Feeding Therapy 101

Hello all- Cara here! This week, I am guest blogging on a topic I am very passionate about- feeding therapy! During my years as a practicing speech-language pathologist, I have completed specialized training and gained invaluable experience within the area of feeding disorders. It is an area of practice that I find especially rewarding. I began working at OWLS Therapy in July 2018 and have loved working with children and their families in the home environment. This treatment model works incredibly well with feeding therapy, as treatment sessions involve both the child and their family members. I am passionate about making feeding therapy FUN and FUNCTIONAL! 

Have you ever wondered if your child may need feeding therapy? Below, I have answered some commonly asked question about feeding therapy and concerns you may have. 

What is feeding therapy?

Feeding therapy helps a child learn how to eat or how to eat more efficiently and effectively. It targets oral motor skills and/or expanding a child’s diet to provide for more variety in fruits, vegetables, meats, etc. 

 How do I know if my child needs a feeding evaluation?

Red flags to be aware of:

  •   Decreased oral motor skills, such as:

    • Difficulty chewing different textures

    • Difficulty drinking from an open cup or straw

  • Minimal consumption at meals

  • Transitioning from G-tube feedings to oral feedings 

  •  Difficulty swallowing or refusing to swallow certain foods or textures

  • Gagging, choking or vomiting during meals 

  •  Arching of the body during feeding 

  • Avoidance of total food groups

  • Difficulty accepting changes in familiar foods, such as changes in:

    • Shapes

    • Textures

    • Temperatures 

    • Colors

  • Difficulty transitioning from one texture to another, such as puree to a mixed consistency 

  •  Brand specific, such as ONLY eating Wendy’s chicken nuggets

  • Mealtime taking longer than 30 minutes

  •  Physical reactions to food, such as crying, screaming, or refusing to sit at the table

 What’s the typical development of oral motor skills?

Below is a brief list of skills a child should have by a given age. NOTE: this is not an extensive list and doesn’t fully capture all of the skills a child should have, nor is every child exactly alike with their development. 

Around 6 months

o   Spoon feeding introduced, starts to accept pureed baby foods

o   Cup drinking introduced 

o   Holds bottle with both hands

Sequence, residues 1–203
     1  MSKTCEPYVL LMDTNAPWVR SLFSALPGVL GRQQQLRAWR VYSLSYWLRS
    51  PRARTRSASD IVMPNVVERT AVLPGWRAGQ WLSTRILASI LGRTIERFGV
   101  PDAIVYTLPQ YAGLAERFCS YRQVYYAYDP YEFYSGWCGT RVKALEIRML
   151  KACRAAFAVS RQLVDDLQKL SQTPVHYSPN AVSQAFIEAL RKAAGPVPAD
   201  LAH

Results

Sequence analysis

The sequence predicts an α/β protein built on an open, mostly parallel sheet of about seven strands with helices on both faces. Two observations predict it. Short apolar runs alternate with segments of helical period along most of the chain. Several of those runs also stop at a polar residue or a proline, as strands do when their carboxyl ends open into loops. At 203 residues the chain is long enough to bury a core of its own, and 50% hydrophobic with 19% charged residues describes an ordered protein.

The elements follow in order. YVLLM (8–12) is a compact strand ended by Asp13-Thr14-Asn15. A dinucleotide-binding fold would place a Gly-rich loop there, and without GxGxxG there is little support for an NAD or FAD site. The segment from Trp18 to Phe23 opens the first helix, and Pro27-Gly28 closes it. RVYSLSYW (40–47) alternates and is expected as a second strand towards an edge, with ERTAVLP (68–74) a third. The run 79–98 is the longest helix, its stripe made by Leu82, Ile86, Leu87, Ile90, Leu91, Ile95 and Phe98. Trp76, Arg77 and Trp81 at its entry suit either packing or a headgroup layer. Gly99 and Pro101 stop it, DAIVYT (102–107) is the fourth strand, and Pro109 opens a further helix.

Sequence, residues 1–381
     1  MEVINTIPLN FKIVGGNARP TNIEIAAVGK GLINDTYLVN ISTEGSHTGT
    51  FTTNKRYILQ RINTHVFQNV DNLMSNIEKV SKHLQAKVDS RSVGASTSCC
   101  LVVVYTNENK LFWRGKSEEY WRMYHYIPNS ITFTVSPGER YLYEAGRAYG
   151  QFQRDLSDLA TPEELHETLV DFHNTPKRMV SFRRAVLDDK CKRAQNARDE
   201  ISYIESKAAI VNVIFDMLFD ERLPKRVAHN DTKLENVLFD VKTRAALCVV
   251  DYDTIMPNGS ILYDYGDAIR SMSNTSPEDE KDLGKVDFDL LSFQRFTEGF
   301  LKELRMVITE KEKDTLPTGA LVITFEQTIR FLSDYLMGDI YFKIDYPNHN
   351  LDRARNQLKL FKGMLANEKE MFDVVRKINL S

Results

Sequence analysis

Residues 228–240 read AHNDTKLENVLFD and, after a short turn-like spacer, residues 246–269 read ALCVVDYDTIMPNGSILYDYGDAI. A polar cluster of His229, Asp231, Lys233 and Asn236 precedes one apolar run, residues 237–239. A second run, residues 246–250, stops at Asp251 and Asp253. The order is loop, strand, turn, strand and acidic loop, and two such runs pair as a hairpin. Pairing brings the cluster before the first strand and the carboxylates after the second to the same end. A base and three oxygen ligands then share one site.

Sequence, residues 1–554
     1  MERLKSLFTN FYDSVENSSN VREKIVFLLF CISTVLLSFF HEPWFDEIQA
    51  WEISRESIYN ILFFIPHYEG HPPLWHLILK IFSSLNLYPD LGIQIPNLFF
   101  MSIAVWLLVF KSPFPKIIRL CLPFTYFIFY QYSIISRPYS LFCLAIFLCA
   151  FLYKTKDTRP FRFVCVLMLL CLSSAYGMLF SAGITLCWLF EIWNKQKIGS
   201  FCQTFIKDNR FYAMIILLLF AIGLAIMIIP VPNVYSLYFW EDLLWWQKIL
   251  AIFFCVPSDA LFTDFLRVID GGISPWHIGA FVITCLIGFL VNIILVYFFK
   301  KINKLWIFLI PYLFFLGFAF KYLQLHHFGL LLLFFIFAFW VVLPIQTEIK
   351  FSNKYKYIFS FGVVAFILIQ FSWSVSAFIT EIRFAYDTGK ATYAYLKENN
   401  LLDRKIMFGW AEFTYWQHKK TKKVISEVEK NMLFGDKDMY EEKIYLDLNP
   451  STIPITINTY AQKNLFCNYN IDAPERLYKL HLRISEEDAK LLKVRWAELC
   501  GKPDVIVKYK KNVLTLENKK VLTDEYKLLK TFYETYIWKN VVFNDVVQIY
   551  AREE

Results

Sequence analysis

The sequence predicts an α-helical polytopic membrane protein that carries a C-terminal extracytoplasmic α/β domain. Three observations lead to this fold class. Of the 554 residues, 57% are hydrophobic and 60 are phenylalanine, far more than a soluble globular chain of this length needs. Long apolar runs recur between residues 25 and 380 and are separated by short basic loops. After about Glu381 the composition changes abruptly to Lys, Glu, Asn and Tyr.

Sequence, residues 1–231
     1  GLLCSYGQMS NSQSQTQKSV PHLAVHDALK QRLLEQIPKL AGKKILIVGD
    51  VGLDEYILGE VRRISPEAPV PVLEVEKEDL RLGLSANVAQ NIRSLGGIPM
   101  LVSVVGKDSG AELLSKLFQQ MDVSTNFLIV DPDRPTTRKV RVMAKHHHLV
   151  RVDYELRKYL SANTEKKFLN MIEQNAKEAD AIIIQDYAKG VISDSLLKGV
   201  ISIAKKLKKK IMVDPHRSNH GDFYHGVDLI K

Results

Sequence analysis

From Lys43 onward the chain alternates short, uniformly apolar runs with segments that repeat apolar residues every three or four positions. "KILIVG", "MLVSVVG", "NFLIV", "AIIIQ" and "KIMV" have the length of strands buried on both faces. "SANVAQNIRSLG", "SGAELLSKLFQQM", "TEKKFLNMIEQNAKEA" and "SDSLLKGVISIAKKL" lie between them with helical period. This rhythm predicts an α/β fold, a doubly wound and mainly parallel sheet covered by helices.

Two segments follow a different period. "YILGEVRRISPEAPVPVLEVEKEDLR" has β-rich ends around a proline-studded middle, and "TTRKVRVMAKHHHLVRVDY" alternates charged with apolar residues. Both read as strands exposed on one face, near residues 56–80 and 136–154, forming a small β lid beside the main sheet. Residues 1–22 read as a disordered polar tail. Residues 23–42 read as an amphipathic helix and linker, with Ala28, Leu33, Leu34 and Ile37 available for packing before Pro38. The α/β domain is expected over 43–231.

6- 9 months: 

 o   Increases lip closure on spoon and helps caregiver with spoon

o   Sucks liquids from cup

o   Around 9 months, the child should be accepting table foods and chewing with an up down (munch) motion. 

9- 12 months

o   Drinks from an open cup with hand-over-hand assistance. (Personally, I am not a big fan of a sippy cup, but I recognize that it may have a time and place.) 

o   Gag is less sensitive, moving foods more posteriorly 

o   Consumes lumpier or thicker foods

o   Drinks from a cup with a straw

12-18 months:

 o   Develops a more mature, rotary chew and ability to transfer foods from one side of the mouth to the other

o   Uses pincer grasp to self-feed 

o   Clears lower lip with teeth

o   Increased stability to take bite from a larger piece of food 

18- 24 months:

o   Chews a variety of textures with their lips closed, controls bite on hard food (i.e. pretzel)

o   Decreased tongue extension during swallowing

o   Self-feeding with spoon 

o   Holds cup with one hand 

24+ months:

o   Eats a variety of foods. Continue to avoid choking hazards, such as whole grapes or hot dogs.

o   Drinks from open cup without spilling

o   Tongue retraction for swallowing 

o   Chews meats adequately 

o   “Fine tuning” all of their oral motor skills 

Who provides feeding therapy?

Either a pediatric speech-language pathologist (SLP) or occupational therapist (OT) provide feeding therapy. It is important to note that not all pediatric therapists are trained to provide feeding therapy services. Because it is an area of specialty, the treating therapist should have completed additional education courses and have experience working with this population. Also, the SLP or OT treating a child with a feeding disorder will often consult with a nutritionist/ dietician, pediatrician, or another specialist involved in the child’s care. 

 What do feeding therapy sessions look like? 

Feeding therapy sessions are family focused. Sessions can be done with the therapist and child or therapist, child and family member.

How long does feeding therapy take?

Session length and frequency depend upon the child’s individual needs. In general, feeding therapy sessions occur once a week and are typically between 30 to 60 minutes long. Prior to initiating feeding therapy, a feeding evaluation must be completed to obtain a past medical history, assess the child’s oral motor abilities, and analyze the child’s current diet. 

If you have additional questions, please contact us at OWLS Therapy to discuss more. I believe feeding therapy is extremely beneficial, as it helps your child create a healthy relationship with food. I want mealtimes to become less stressful, eating to become easier, and food to become FUN!